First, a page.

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Latest Photopigment Stories

2010-12-09 07:44:53

(Ivanhoe Newswire) -- Melanopsin, a light sensor that sets the circadian rhythm- the body's biological clock- also plays an important role in vision, according to this study.Melanopsin's messengers, called melanopsin-expressing retinal ganglion cells (mRGCs), forward information about the brightness of incoming light directly to visual centers in the brain.The results show a new role for mRGCs during image-forming vision, and suggest that these cells could make a significant contribution to...

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2010-12-08 10:26:17

Better known as the light sensor that sets the body's biological clock, melanopsin also plays an important role in vision: Via its messengers-so-called melanopsin-expressing retinal ganglion cells, or mRGCs-it forwards information about the brightness of incoming light directly to conventional visual centers in the brain, reports an international collaboration of scientists in this week's issue of PLoS Biology. The findings reveal a new role for mRGCs during image-forming vision and suggest...

2009-10-13 15:11:30

Ever wonder how your eyes adjust during a blackout? When we go from light to near total darkness, cells in the retina must quickly adjust. Vision scientists at Washington University School of Medicine in St. Louis have identified an intricate process that allows the human eye to adapt to darkness very quickly. The same process also allows the eye to function in bright light. The discovery could contribute to better understanding of human diseases that affect the retina, including age-related...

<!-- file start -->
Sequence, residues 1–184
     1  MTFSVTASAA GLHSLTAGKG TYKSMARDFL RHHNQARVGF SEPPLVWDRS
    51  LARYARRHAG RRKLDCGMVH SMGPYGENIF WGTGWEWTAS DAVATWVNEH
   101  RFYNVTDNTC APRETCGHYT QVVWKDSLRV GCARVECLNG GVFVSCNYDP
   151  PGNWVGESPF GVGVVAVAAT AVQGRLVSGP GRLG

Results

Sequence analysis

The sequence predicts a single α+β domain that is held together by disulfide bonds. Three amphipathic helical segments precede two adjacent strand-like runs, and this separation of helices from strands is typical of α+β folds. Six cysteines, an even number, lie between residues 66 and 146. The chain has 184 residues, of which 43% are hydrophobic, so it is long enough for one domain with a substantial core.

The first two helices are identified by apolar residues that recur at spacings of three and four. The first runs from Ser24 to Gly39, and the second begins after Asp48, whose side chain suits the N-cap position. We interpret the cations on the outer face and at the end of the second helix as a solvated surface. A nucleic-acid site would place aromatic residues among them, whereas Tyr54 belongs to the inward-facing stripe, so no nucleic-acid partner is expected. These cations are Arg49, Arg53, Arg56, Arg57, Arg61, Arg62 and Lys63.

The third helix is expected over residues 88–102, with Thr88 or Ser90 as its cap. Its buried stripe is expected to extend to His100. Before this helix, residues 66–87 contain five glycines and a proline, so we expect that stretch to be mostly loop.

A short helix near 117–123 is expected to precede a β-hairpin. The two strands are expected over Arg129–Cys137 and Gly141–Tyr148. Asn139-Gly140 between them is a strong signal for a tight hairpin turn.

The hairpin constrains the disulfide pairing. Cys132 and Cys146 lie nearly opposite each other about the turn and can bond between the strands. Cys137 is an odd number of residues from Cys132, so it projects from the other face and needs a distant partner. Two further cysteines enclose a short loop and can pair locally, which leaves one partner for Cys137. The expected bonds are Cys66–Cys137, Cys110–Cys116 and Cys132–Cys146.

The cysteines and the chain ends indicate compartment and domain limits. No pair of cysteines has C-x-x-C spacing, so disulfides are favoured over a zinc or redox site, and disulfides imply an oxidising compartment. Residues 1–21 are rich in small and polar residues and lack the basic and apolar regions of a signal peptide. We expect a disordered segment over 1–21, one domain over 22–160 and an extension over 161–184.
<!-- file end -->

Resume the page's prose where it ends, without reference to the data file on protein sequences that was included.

2005-06-16 22:20:00

Researchers have discovered that a set of light-responsive retinal cells that form connections to the circadian clock are functional very early in development, from the day of birth. Although the cells are sensitive to light, they do not participate in image formation, a process that matures later on. The work has been reported in the journal Current Biology by Sumathi Sekaran, of Imperial College London, and colleagues there and at John Hopkins University and the University of Manchester....


Word of the Day
siliqua
  • A Roman unit of weight, 1⁄1728 of a pound.
  • A weight of four grains used in weighing gold and precious stones; a carat.
  • In anatomy, a formation suggesting a husk or pod.
  • The lowest unit in the Roman coinage, the twenty-fourth part of a solidus.
  • A coin of base silver of the Gothic and Lombard kings of Italy.
'Siliqua' comes from a Latin word meaning 'a pod.'
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